Cornerstone doesn’t measure up, judge says

Project halted pending further environmental review


STOP HERE—A Los Angeles Superior Court judge ruled that Cornerstone, seen in this architectural rendering, needs a more in-depth study that gives a better accounting of its impact on the local environment. Courtesy of Cory Anttila

STOP HERE—A Los Angeles Superior Court judge ruled that Cornerstone, seen in this architectural rendering, needs a more in-depth study that gives a better accounting of its impact on the local environment. Courtesy of Cory Anttila

Cornerstone, the first major development in the Agoura Village zone, was halted May 23 by a judge’s ruling that said the 8-acre mixed-use project has not been adequately vetted and needs further environmental review.

The 116,000-square-foot development at the southeast corner of Cornell and Agoura roads in Agoura Hills calls for the construction of seven buildings that include shops, restaurants, homes and offices.

Save the Agoura Cornell Knoll (STACK) and the California Native Plant Society have been fighting the project for more than 16 months and raising red flags about the potential harm the project could cause to the environment.

Siding with the plaintiffs, Los Angeles County Superior Court Judge Mary Strobel said Cornerstone violated the Agoura Hills oak tree ordinance. The development also failed to undergo adequate environmental review as required by the California Environmental Quality Act and created the potential for permanent harm to a Native American archaeological site at the property.

The Agoura Hills City Council

STACK spokesperson Steve Hess said the developer, Santa Monica-based Cornerstone Real Estate Advisers, must now complete a “modern and detailed environmental impact report, which is all we were asking the city to do in the first place.”

“Only after the EIR has gone through a legal public review process where we will all comment, may the city then reconsider approval of the proposed development. Of course, we will be engaged through the entire process,” Hess said.

The city is required to set aside all land-use approvals for the project until the new report is completed.

To make room for the project, 29 oak trees were slated to be removed or relocated and replaced with new, smaller trees. Dan Gluesenkamp, executive director of the native plant society, said the existing oak trees in the area are “especially critical and are part of the ongoing CNPS efforts to protect and restore oak woodlands.”

In her ruling last month, Strobel stated that the project’s requirement for substantial grading could cause a “water deficit” that would affect the ability of the existing oak trees to survive.

For the development to proceed, the oak tree removal must be scaled back to legal compliance.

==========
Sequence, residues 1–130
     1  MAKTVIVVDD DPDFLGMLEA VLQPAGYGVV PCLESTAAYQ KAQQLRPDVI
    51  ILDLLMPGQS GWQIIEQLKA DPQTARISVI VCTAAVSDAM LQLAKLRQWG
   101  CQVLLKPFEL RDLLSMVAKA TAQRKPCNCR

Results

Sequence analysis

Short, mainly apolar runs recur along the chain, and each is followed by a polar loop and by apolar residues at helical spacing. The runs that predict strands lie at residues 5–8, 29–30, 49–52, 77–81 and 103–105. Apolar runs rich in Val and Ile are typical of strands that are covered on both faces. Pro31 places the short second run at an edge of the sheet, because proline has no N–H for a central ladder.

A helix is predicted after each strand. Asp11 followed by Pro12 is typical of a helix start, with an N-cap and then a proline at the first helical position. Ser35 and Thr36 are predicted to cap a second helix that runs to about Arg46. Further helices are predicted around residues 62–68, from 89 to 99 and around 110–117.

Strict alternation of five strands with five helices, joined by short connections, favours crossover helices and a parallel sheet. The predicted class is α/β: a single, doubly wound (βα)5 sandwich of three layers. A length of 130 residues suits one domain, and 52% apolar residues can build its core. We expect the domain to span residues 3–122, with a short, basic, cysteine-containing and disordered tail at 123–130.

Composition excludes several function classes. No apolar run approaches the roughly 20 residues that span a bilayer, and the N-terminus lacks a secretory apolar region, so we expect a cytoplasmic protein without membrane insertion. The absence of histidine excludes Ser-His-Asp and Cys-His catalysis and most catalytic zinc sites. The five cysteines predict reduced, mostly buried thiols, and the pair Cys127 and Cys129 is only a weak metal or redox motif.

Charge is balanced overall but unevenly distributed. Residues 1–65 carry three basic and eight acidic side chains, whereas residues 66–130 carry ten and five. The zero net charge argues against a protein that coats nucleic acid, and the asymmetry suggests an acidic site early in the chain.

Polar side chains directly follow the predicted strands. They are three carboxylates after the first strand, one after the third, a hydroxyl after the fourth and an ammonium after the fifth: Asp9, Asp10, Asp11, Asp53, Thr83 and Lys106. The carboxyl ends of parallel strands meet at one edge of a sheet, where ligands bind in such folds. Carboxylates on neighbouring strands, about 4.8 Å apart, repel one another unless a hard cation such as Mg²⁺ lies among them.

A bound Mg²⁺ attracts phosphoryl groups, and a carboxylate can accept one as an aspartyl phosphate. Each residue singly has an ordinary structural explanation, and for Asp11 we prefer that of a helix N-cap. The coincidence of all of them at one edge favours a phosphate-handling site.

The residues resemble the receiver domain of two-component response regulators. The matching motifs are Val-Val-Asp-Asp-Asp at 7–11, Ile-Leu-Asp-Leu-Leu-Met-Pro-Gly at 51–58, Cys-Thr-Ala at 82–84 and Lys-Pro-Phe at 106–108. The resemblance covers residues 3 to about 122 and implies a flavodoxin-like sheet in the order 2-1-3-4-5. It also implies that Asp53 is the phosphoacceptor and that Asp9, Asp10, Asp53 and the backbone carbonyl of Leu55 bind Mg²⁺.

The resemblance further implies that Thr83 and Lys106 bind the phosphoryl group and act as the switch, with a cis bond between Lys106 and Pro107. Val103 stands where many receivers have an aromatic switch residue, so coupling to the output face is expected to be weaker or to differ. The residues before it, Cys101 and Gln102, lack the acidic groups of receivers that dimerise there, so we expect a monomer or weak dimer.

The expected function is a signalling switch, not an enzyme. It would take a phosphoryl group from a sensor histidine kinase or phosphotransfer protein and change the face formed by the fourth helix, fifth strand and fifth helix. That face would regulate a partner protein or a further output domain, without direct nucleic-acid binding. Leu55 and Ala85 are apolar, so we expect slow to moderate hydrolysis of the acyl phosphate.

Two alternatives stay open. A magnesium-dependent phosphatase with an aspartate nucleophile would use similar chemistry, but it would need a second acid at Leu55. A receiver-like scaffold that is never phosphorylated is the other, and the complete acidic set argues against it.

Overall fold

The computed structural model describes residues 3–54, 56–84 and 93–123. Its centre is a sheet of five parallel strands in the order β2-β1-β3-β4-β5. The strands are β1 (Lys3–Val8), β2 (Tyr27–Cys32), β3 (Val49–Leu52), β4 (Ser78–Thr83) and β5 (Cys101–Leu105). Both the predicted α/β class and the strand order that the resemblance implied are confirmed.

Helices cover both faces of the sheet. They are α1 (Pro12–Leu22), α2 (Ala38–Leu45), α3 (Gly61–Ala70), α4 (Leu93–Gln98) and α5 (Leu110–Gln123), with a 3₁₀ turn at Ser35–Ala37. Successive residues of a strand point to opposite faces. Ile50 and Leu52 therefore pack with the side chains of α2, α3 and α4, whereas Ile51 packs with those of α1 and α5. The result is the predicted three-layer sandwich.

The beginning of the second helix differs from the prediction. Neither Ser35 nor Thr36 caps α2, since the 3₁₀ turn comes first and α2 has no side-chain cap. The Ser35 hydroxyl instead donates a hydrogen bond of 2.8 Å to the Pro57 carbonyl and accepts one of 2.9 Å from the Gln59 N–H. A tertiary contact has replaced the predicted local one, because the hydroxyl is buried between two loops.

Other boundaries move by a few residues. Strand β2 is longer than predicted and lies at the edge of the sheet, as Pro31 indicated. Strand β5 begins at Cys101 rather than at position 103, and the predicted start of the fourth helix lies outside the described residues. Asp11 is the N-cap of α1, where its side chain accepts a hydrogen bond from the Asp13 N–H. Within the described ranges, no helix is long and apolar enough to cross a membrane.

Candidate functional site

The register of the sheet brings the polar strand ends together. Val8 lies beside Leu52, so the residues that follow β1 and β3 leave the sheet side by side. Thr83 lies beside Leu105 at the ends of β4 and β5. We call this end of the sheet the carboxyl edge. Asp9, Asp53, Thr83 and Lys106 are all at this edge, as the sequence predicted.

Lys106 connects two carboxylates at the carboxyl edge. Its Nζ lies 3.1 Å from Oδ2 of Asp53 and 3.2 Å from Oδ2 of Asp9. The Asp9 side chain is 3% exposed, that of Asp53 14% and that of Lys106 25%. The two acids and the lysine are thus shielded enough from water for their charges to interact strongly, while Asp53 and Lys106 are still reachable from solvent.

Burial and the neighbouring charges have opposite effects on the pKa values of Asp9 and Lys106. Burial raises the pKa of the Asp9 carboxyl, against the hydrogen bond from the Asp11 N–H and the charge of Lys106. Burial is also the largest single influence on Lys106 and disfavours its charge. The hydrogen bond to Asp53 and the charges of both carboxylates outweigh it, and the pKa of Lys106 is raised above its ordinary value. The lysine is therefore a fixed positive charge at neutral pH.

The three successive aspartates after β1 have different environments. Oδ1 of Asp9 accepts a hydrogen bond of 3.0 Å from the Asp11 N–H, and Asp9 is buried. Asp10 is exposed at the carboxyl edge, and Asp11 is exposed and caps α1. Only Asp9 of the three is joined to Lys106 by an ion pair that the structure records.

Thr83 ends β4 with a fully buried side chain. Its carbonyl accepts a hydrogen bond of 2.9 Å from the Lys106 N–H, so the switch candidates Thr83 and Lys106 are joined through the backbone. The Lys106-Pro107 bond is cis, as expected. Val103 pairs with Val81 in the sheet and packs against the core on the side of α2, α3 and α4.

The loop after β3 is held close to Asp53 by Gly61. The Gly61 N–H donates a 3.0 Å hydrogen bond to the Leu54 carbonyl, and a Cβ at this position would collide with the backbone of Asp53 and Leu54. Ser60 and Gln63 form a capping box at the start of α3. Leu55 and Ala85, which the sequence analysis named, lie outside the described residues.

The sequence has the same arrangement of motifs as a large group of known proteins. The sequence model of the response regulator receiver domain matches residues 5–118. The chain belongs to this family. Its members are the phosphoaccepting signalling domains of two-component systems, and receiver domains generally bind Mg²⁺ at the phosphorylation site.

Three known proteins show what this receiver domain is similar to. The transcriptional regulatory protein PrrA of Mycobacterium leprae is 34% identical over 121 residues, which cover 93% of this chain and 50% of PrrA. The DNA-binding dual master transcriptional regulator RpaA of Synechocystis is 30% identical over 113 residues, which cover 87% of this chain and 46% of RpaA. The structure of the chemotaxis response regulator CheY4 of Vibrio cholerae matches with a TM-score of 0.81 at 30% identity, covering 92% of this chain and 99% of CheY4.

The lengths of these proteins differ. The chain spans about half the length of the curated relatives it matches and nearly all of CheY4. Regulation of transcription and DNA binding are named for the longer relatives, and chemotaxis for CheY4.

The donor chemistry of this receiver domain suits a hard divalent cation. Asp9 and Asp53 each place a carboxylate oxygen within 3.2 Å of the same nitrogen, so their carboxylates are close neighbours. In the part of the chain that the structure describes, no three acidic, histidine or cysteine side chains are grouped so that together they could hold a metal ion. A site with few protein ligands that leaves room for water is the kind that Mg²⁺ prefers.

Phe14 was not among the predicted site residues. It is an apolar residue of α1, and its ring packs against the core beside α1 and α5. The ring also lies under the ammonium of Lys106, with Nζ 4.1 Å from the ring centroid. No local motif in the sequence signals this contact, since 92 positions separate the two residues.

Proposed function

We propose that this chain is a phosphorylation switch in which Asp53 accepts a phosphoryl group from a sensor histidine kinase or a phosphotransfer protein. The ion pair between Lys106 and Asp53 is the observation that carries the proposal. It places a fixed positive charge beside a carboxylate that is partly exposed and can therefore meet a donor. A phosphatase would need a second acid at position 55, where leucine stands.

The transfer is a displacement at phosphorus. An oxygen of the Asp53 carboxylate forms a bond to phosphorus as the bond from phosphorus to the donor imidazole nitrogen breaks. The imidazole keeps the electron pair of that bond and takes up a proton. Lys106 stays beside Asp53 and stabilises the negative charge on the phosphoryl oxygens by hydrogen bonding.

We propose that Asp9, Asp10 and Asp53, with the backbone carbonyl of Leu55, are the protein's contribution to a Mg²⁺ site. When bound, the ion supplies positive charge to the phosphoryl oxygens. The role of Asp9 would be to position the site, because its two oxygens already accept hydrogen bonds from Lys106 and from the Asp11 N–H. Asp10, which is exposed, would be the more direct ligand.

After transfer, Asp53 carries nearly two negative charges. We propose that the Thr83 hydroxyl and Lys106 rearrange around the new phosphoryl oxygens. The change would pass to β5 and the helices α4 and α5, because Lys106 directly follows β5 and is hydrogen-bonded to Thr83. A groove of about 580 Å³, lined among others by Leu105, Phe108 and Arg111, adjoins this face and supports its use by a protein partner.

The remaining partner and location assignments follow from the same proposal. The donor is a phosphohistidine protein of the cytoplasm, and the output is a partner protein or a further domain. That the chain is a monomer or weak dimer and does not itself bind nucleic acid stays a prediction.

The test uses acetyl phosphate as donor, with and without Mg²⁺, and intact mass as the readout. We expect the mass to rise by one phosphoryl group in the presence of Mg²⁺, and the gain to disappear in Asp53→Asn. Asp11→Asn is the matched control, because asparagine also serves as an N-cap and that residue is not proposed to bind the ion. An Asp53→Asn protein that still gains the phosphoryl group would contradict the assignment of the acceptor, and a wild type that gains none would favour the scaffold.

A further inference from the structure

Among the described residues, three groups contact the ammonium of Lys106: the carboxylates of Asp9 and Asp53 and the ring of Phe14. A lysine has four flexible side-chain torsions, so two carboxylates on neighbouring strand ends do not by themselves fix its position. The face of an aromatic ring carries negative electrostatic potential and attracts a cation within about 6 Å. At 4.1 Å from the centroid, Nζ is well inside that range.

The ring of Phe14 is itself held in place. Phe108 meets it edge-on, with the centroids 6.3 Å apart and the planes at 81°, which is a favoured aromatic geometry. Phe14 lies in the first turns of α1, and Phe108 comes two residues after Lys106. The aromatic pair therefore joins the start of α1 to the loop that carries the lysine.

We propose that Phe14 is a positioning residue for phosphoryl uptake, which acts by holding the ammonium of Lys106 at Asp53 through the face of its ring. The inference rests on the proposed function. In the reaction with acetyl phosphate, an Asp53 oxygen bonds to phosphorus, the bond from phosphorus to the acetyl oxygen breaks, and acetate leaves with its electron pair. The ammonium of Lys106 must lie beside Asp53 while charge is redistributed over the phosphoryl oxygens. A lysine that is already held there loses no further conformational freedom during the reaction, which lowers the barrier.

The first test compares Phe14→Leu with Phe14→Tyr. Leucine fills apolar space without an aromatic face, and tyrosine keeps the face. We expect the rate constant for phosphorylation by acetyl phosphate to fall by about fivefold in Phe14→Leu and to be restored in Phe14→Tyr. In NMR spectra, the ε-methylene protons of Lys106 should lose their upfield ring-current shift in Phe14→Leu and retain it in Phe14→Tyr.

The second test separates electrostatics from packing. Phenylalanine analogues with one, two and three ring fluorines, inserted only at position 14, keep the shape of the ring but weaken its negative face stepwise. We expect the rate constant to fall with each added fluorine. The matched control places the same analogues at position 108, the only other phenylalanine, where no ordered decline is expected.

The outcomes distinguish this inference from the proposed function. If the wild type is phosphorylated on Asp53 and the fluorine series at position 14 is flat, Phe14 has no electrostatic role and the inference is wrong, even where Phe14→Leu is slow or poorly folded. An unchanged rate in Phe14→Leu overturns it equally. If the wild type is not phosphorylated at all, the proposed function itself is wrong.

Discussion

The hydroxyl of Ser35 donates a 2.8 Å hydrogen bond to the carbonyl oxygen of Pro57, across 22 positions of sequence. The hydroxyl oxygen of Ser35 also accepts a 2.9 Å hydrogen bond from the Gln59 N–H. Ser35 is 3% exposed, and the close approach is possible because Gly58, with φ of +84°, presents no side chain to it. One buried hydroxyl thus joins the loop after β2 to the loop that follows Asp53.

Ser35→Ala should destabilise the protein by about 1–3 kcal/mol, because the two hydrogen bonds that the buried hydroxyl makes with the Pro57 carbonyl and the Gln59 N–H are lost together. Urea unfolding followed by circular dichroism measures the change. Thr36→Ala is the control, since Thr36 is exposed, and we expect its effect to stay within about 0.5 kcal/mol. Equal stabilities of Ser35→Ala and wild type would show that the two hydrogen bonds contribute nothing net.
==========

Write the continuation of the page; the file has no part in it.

In addition, a trio of threatened or endangered plant species— Agoura Hills dudleya, Lyon’s pentachaeta and Ojai navarretia— were reviewed by the court. Experts said the plants cannot easily be moved to other locations and that their chance of survival could not be guaranteed.

In the ruling, the California Department of Fish and Wildlife wrote that the methods suggested for transplanting the plants were “experimental in nature” and should not be considered a proper mitigation measure.

Fish and Wildlife also said that the project could introduce exotic, invasive species, including

Argentine ants, which could be disruptive to plant pollination.

“Nature is being nibbled to death with small developments that flaunt local laws and ordinances,” said Steve Hartman, the native plant society president.

“It’s time for communities to step up and protect our California native plants because our local wildlife depends on them for survival,” Hartman said.

In addition, the north end of the project area includes a prehistoric archeological site where pieces of ancient stone tools have been found.

“The studies concluded that the site is a significant heritage resource center under CEQA and meets the significant requirements for inclusion in the California Register of Historical Resources,” and the ruling said the site could yield “important information” about the prehistory of the area.

Agoura Hills Mayor Bill Koehler said the City Council hasn’t yet discussed the possibility of an appeal.

“However, should the decision stand, I would think this decision would cause the developer to redesign his project,” Koehler said.

Hess said he hopes the developer will produce a new environmental report that takes to heart the concerns of STACK and the plant society.